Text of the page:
Cryptography Lecture 2 Arpita Patra. Recall >> Crypto: Past and Present (aka Classical vs. Modern...

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Transcript of Cryptography Lecture 2 Arpita Patra. Recall >> Crypto: Past and Present (aka Classical vs. Modern...
Cryptography
Lecture 2
Arpita Patra
Recall>> Crypto: Past and Present (aka Classical vs. Modern Cryto)
o Scopeo Scientific Basis (Formal Def. + Precise Assumption + Rigorous Proof)o Endusers
>> Secure Communication in Secret Key Setting
Secret Key Encryption (SKE)
>> Learn From the Blunders of Classical SKE
o Algorithms of SKE (in general in crypto) must be PUBLICo Secret Key Space Must be large enough to fail brute forceo No adhoc algorithm without definition and proof
Today’s Goal Do Secure Communication in a ‘modern’ way ditching the ‘classic’ approach
o Formulate a formal definition (threat + break model)o Identify assumptions needed and build a construction o Prove security of the construction relative to the definition and assumption
Secure Communication in Private Key Setting
o Secret key k shared in advance (by “some” mechanism)
k k??
m
o m is the plaintext
Encryption
Decryption
m c
o c is the ciphertext (scrambled message)
m
Need: An encryption scheme (Gen, Enc, Dec) Private (Secret) Key Encryption Keys are private to the sender and the receiver  Symmetric Key Encryption The same key is used for encryption and decryption
Syntax of Secret Key Encryption (SKE)
1. Keygeneration Algorithm: Gen()
2. Encryption Algorithm: Enck(m)
3. Decryption Algorithm: Deck(c)
> MUST be a Randomized algorithm
> Outputs a key k chosen according to some probability distribution.
> Deterministic/Randomized algorithm> c Enck(m) when randomized and c:=Enck(m) when deterministic
> Usually deterministic > Outputs m:= Deck(c)
Syntax of SKE
> Set of all possible keys output by algorithm Gen1. Key space (K):
2. Plaintext / message space (M):> Set of all possible “legal” message (i.e. those supported by Enc)
3. Ciphertext space (C):> Set of all ciphertexts output by algorithm Enc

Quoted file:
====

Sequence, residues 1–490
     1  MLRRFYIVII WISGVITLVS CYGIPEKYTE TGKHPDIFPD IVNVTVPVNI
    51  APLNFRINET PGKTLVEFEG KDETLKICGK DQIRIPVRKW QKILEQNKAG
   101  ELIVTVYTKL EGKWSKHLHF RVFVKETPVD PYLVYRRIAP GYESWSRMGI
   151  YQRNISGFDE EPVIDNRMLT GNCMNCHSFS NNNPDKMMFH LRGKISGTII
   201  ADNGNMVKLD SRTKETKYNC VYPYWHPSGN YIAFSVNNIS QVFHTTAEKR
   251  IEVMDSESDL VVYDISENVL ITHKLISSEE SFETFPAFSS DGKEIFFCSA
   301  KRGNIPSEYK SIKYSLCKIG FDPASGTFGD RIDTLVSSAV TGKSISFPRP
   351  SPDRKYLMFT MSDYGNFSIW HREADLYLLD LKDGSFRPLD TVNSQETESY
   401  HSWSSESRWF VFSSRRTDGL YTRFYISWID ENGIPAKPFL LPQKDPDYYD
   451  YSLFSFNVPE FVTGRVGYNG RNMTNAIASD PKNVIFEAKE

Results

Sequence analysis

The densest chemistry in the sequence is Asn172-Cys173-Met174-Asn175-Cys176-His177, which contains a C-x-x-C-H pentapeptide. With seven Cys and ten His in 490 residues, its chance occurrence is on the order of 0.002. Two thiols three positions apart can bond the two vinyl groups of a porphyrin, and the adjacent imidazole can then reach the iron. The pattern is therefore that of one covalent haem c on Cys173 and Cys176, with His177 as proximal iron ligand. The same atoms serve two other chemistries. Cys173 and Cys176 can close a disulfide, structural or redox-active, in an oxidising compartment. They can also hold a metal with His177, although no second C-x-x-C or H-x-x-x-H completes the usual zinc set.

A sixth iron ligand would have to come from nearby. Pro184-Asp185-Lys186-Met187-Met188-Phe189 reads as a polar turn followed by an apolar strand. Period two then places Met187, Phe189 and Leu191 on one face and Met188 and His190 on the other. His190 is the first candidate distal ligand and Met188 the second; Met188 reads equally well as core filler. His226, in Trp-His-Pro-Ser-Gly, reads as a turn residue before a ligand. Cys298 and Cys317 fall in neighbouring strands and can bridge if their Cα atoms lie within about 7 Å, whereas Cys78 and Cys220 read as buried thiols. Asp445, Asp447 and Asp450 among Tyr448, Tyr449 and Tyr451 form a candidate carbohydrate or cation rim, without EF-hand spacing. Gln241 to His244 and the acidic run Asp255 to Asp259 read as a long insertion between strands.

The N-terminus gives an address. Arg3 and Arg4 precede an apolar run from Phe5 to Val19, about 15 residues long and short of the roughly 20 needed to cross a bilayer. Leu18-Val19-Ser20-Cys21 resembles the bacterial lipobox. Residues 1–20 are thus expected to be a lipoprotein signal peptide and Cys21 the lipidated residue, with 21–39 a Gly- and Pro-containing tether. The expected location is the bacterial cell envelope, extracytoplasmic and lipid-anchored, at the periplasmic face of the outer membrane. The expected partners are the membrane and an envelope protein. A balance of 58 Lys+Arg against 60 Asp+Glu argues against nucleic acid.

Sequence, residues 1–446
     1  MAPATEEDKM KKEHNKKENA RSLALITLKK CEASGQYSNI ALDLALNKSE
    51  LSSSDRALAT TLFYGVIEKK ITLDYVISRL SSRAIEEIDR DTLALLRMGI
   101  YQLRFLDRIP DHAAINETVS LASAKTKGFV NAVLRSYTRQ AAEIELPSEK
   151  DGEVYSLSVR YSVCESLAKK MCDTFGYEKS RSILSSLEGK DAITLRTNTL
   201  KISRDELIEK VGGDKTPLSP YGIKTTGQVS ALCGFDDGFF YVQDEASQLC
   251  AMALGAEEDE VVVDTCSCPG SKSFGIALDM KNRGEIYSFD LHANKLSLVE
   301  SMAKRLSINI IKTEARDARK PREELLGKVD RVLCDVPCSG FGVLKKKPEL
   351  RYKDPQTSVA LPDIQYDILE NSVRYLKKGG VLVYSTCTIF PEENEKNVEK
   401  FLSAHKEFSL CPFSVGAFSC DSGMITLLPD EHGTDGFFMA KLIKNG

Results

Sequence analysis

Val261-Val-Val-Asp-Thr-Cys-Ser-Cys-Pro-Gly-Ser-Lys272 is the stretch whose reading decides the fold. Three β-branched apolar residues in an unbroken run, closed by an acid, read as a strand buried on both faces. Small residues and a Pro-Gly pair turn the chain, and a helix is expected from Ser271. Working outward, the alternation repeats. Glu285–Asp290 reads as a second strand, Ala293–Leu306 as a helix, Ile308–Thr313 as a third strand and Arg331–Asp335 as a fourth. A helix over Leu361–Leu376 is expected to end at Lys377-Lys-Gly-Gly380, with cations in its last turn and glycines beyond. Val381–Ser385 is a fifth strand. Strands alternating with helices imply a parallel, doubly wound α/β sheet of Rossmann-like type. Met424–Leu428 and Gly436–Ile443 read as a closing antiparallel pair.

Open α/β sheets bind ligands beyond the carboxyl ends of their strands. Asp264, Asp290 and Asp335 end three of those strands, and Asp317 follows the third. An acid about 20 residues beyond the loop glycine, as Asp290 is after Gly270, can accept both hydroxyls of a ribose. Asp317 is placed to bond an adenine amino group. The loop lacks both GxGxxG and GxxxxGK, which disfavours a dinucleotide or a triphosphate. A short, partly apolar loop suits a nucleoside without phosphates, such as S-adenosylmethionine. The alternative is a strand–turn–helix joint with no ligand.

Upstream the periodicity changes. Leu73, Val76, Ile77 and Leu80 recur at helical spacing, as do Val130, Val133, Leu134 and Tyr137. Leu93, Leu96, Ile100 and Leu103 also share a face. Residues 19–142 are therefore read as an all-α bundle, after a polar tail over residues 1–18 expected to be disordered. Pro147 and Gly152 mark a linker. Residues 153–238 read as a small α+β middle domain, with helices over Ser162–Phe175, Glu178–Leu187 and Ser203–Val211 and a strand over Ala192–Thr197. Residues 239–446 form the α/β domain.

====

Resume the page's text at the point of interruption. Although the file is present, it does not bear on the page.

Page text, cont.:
SKE is specified using (Gen, Enc, Dec) and M
Formal Definition of SecurityTwo components of a security definition:
Break:
Threat: >> Who is your threat? >> Who do you want to protect from? >> Cultivate your enemy a.k.a adversary in crypto language.>> Look out in practical scenarios / be an adversary>> Unless you know your adv, no hope of defeating him
>> What are you afraid of losing? >> What do you want to protect?>> If you don’t know what to protect then how to do you when or if you are protecting it?
Threat Model How powerful
 What are his capabilities (in terms of attacking a secure communication protocol)?
computationally? > Best is to have no assumption on the computing power of the adv. a.k.a unbounded powerful adversary > Give him any socalled hard problem (factoring etc), he solves in no time
> Strongest adversary that we can think of in terms of computing power
k k??
Encm c
> Attacker/adv. can eavesdrop/tap the ciphertext during transit Passive or Eavesdropper
Can you think of a smarter attack? > Ciphertext Only Attack (COA)
Threat Model Can sample random coins? (deterministic or randomized)> Randomness is absolute necessity in Crypto; it is practical and Good guys
use randomness often. Why not adversary?> Good to be liberal in terms of giving more power to adversary
 Randomized Unbounded Powerful COA
Break Model
Attempt I>> Secret key ? Then Enc(m) = m is secure
Attempt II>> Entire Message?Then Enc(m) leaking most significant 10 bits is secure; m: bank password amazon password
Attempt III>> No additional info about the message irrespective of prior information?
Right NotionHow to formalise?
Need basics of Discrete Probability Theory
Discrete Probability Background> U: Finite set; e.g. {0,1}
> Probability Distribution on U specifies the probabilities of the occurrence of the elements of U
 e.g Probability Distribution on U = {0,1}: Pr(0) = ½ , Pr(1) = ½
Pr(0) = 0 , Pr(1) = 1
Probability distribution: Probability distribution Pr over U is a function
Pr: U ⟶ [0,1] such that Σ Pr(x) = 1x in U
> Uniform Probability Distribution on U: Pr(x) = 1/U for every x
Discrete Probability BackgroundEvent: Occurrence of one or more elements of U is called an event
 e.g Consider Uniform Distribution on U = {0,1}4
 Let A = occurrence of elements of U with msb two bits as 01
 Pr(A) = 1/4
Union Bound: For events A1 and A2 Pr[ A1 ∪ A2 ] ≤ Pr[A1] + Pr[A2] (extend for more than 2)
Conditional probability: probability that one event occurs, assuming some other event occurred.
 Pr(A  B) = Pr(A B) / Pr(B)  For independent A, B: Pr(A  B) = Pr(A) and Pr(A B) = Pr(A) . Pr(B)
Discrete Probability Background
Bayes’s Theorem: If Pr(B) 0 then
Pr(A  B) = Pr(B A) . Pr(A) / Pr(B)
Random Variable: variable that takes on (discrete) values from a finite set with certain probabilities (defined with respect to a finite set)